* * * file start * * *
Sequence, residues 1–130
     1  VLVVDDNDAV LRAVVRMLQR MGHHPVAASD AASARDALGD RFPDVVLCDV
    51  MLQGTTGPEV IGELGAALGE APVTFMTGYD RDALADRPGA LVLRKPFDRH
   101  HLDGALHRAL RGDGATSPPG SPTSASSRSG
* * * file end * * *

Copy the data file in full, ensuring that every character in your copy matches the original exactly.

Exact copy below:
Sequence, residues 1–130
     1  VLVVDDNDAV LRAVVRMLQR MGHHPVAASD AASARDALGD RFPDVVLCDV
    51  MLQGTTGPEV IGELGAALGE APVTFMTGYD RDALADRPGA LVLRKPFDRH
   101  HLDGALHRAL RGDGATSPPG SPTSASSRSG